As event planners, organizers, or sponsors, you may not necessarily be boots-on-the-ground regularly at large events. If you are, you’ll know the chaos that they can be, even when just one language is being used prominently. But, what do you do if there’s an audience who do not understand the speaker’s language?
Expert live interpreters are knowledgeable at navigating the ins and outs of communication, even in field-specific scenarios. The one area of every new job that they may lack at first, however, are the specifics of each event. It’s critical to the success of events with bilingual speakers present that every interpreter has an understanding of the event organizer’s expectations, holds certain experience, and how the event will work step-by-step. Without this confidence under their belts, it can be difficult and incredibly stressful for live event interpreters to perform their jobs to perfection.
Put yourself in the shoes of the interpreter: Imagine you’re asked to be a tour guide for a group of travelers at a popular landmark that you know very little about and were not briefed on the location or history beforehand. Even in your own language, the probability that you would know how to describe even the most basic characteristics perfectly would be slim.
The knowledge of the subject matter that interpreters bring to the event is obvious to the attendees, as well. When our own event interpreters were in attendance at the annual United States & Mexico Bar Association, there was a noticeable positive effect on how those in attendance were able to understand more effectively, as well as the stress level of the interpreters themselves.
What Professional Interpreters Need to Prepare
While every new event to interpret at is new and different, there are a few methods in which event organizers and interpreters can better prepare together.
1. Go Over the Full Schedule
Your agenda plays host to all of the information about your event, conveying time frames and detailing whereabouts. To prepare interpreters extensively before an event, it’s useful to provide insight into every part of the day – this should include information on all the different subjects; using tips for correct terminology and briefs, along with the roles of speakers, and expected conversation, in particular, is key here.
2. Provide Event Materials
You should always extract some previous work for background examples – minutes, positions, even general information about the event or organization to give to event interpreters. With this available, your interpreters can gain awareness of how the event is structured and promoted to the public. Make these available in all languages needed, so every interpreter has exactly what they need.
3. Share Your Website
Before any event, you should read over and ensure every part of your website is up-to-date and include information about the event at hand. Sharing your website with interpreters who will be representing your organization will allow them the chance to get to know your brand on a better level, read through your messaging, and look through your product or service offerings closely.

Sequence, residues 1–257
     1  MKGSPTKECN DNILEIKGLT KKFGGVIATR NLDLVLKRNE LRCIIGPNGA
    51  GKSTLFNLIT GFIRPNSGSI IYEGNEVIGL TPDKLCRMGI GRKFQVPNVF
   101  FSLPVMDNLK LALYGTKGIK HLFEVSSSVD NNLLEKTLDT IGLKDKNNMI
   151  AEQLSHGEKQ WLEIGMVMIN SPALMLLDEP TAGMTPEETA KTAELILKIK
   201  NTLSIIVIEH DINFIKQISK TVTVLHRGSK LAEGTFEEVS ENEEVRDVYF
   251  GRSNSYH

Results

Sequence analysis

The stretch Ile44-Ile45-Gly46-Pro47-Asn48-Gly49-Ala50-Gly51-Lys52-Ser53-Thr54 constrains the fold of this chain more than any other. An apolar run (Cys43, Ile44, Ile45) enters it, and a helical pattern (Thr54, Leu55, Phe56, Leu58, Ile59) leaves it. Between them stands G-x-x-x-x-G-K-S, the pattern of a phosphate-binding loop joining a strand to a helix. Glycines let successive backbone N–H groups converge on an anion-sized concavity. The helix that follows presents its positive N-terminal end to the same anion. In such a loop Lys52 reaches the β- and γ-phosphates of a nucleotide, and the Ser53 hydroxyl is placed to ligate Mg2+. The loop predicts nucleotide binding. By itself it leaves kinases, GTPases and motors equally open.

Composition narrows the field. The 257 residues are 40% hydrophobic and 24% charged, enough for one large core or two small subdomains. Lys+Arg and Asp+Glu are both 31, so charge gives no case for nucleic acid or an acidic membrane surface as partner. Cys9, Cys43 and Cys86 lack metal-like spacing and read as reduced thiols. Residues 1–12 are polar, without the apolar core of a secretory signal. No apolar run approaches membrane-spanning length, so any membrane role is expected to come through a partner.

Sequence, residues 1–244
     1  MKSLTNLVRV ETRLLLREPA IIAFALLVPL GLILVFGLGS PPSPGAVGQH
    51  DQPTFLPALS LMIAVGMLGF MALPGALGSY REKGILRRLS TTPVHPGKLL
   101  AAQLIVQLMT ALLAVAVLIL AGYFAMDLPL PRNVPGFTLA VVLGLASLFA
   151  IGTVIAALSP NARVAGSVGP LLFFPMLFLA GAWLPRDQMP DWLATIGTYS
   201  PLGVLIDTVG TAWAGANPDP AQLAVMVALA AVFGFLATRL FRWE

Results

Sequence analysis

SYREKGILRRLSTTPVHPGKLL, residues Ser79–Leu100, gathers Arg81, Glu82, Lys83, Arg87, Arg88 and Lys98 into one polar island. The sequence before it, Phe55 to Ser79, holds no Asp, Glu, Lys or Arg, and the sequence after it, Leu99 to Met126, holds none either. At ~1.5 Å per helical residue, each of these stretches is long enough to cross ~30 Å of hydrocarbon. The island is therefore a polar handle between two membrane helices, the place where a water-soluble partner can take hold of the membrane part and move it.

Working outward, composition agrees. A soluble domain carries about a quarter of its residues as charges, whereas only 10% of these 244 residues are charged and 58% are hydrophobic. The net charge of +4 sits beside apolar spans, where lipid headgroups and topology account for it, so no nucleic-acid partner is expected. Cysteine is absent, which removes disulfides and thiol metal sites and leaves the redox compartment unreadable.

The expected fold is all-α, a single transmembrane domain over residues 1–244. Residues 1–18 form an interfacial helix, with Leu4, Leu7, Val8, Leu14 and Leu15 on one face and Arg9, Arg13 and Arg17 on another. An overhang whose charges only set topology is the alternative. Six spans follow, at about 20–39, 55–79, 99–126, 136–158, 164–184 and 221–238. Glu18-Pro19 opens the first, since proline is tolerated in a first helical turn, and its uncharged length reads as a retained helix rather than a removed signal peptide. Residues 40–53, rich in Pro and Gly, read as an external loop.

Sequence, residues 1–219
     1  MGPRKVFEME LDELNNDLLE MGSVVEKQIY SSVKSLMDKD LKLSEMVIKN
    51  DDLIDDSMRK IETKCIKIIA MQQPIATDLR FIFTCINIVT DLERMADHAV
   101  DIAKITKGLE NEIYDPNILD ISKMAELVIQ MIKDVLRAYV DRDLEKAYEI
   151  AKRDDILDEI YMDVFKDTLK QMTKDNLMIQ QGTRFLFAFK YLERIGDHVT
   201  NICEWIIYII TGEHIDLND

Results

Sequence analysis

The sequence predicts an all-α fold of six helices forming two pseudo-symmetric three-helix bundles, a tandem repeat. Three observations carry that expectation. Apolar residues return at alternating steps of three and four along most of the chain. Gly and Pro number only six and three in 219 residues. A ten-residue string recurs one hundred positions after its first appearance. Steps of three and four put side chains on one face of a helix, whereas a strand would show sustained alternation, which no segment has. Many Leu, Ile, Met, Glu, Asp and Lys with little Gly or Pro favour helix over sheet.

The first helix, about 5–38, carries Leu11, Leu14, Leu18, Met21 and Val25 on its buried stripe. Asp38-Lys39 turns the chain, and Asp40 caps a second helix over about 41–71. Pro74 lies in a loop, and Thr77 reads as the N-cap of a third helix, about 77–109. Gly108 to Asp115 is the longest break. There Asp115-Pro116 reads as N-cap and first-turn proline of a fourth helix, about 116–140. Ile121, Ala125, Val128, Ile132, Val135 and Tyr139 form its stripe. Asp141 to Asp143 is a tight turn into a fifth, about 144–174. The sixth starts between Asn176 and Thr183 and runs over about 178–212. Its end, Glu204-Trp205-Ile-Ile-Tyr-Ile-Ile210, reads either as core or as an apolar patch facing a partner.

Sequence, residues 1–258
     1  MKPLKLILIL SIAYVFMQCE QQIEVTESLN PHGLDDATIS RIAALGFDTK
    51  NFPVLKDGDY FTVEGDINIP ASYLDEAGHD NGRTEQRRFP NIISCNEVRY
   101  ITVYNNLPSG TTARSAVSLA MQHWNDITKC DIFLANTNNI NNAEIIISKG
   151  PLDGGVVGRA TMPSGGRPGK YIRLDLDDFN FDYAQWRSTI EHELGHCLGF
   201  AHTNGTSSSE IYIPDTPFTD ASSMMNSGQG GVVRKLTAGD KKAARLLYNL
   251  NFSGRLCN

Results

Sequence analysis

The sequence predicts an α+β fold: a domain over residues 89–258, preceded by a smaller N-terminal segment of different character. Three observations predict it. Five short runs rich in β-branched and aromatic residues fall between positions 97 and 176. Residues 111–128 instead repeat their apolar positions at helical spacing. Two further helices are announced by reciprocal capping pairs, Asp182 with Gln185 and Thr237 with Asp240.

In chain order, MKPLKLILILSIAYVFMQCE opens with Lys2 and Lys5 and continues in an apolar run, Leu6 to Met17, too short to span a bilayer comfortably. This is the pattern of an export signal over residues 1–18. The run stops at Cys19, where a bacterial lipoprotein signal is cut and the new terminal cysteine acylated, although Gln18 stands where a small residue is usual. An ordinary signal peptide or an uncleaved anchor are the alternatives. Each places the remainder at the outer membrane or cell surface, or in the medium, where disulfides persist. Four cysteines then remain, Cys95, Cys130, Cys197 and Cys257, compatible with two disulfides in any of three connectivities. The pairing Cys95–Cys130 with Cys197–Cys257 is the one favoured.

4. Have Open Communication
When the subject or theme of the event is highly-technical or very field-specific, prior communication with live interpreters is especially important. Having a meeting to establish a relationship and open communication days, or even weeks before the event can streamline the whole process ten-fold. During the day of the event, you’re much more likely to forget that the interpreters are there at all.
5. Test the Equipment
Depending on the interpreting equipment you choose to work with, you may or may not need a specific technician on site. Either way, it’s best practice to test all equipment the night before the event to ensure everything runs smoothly and allowing plenty of time for resolutions. In our experience, coupling the equipment set up along with the interpreters who will be in attendance as one event package is the best way to ensure that everything is tested out properly.
6. Hold a Pre-Event Briefing
Just like any other event, a brief highlighting the important factors, potential occurrences, and a walkthrough of the event set up are required. After discussing all the important aspects of the event, offer a Q&A at the end so all interpreters can ask questions, but also for the event planners to ensure the interpreters understand everything in full context. If the topic is highly specialized in one product or service, it’s critical to be on the same page.
You may have thought that interpretation is about impromptu activity, and it is to some extent. With thorough preparation, answers to expected questions are planned for and will allow for a smoother interpretation service. The unexpected will be expected during prime moments of speeches throughout for a successful event.
Not all interpreters are well-versed in all subjects; some can hold more knowledge and experience than others in specialty fields such as sports, arts, legal, or financial events. At Language Department, we handpick the most knowledgeable and skilled interpreters in the specific field of your conference, so that you’re guaranteed expert interpretation for your industry.
We’ve succeeded in many bilingual and multilingual services – providing live interpretation, translation, quality assurance, adaptation, and more in dozens of languages spoken around the world. For event interpreters anywhere who are reliable and well-prepared, contact us today.